Hyperarousal to sensory input among those with Autism (Belmonte and Yurgelan-Todd, 2003 Hirstein et al, 2001; Tordjman et al, 1997) accompanied by an impairment to choose between competing stimuli is widely observed. EEG studies involving tasks requiring people with Autism to selectively attend to relevant stimuli and ignore irrelevant stimuli have shown either an abnormal heightened P1 evoked potential to the relevant stimuli or an abnormally generalized response to irrelevant stimuli (Townsend and Courchesne, 1994). Additionally, the N2 to novel stimuli is heightened in children with Autism, even when these stimuli are irrelevant to the task (Kemner et al, 1994). Similar results have been seen using auditory stimuli (Kemner et al, 1995). This supports behavioral observations that children with Autism can either be overly focused on one aspect of a task or greatly distracted by stimuli irrelevant or peripheral to the task. During tasks requiring shifts of attention between hemifields, those with Autism have been shown to exhibit both hemispheres activating indiscriminately instead of the usual hemispheric-specific patterns of activation (Belmonte, 2000). Physiological measures suggest that perceptual filtering in Autism occurs in an all-or-nothing manner with little specificity in selecting the location of the stimulus, for the behavioral-relevance of the stimulus or even the sensory modality in which the stimulus occurs (Belmonte, 2000). It has been suggested that this tendency for hyperarousal to sensory input must result from some pervasive underlying abnormality in neural processing rather than one specific brain locus (Belmonte et al, 2004; Johnson et al, 2002; Akshoomoff et al, 2002). Some authors suggest this neuronal dysfunction to be low signal-to-noise ratio developing from abnormal neural connectivity (Bauman and Kemper, 1994; Raymond et al, 1996; Casanova and Buxhoeveden, 2002; Belmote et al, 2004).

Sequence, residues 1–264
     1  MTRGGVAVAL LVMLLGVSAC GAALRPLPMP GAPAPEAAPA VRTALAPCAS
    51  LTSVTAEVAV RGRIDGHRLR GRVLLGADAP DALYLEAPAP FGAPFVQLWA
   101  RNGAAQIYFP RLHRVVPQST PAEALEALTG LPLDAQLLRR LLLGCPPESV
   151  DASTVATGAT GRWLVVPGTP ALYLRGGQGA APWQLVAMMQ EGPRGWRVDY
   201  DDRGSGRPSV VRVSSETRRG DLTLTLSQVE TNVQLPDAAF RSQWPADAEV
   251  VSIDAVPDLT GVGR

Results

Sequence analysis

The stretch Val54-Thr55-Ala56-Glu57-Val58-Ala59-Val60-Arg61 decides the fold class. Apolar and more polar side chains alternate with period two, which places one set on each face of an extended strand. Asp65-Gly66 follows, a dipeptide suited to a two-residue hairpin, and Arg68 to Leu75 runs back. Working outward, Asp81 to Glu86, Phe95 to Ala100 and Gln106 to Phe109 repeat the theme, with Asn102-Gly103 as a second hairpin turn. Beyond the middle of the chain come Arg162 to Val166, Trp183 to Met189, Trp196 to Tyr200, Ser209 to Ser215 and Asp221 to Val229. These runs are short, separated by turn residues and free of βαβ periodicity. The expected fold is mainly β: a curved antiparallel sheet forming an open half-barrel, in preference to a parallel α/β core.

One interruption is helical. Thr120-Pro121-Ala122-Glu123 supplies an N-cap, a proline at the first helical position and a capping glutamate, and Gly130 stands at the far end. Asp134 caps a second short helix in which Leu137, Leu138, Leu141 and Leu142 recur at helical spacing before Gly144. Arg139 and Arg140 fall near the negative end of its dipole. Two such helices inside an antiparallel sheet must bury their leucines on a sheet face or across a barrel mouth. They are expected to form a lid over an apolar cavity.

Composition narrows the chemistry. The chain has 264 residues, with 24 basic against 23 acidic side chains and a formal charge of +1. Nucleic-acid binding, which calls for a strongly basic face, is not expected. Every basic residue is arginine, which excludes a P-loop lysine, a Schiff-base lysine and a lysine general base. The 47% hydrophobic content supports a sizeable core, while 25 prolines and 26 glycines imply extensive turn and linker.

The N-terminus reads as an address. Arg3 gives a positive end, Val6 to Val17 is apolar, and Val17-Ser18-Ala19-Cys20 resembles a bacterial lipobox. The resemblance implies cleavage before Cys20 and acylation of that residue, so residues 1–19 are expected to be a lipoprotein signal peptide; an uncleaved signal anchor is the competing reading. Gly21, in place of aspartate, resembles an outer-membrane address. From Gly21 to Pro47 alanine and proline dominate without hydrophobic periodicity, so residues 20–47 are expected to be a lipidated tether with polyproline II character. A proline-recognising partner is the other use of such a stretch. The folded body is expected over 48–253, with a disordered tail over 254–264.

The result of this type of processing is that all stimuli are given equal priority by the autistic brain causing an overwhelming flood of sensory information to be handled. The typical brain is able to identify and ignore irrelevant stimuli and focus valuable attention on that which is task-relevant creating a much more efficient processing system. The autistic brain, on the other hand, takes it all in and then must actively discard irrelevant information at a later processing stage causing, in effect, a processing bottleneck (Belmonte, 2004). Functional neuroimaging studies show that the brains of those with Autism tend to show increased activation in areas that rely on primary sensory processing and decreased activity in areas typically supporting higher-order processing (Ring et al, 1999; Critchley et al, 2000; Schultz et al, 2000; Pierce et al, 2001; Baron-Cohen et al, 1999; Castelii et al, 2002).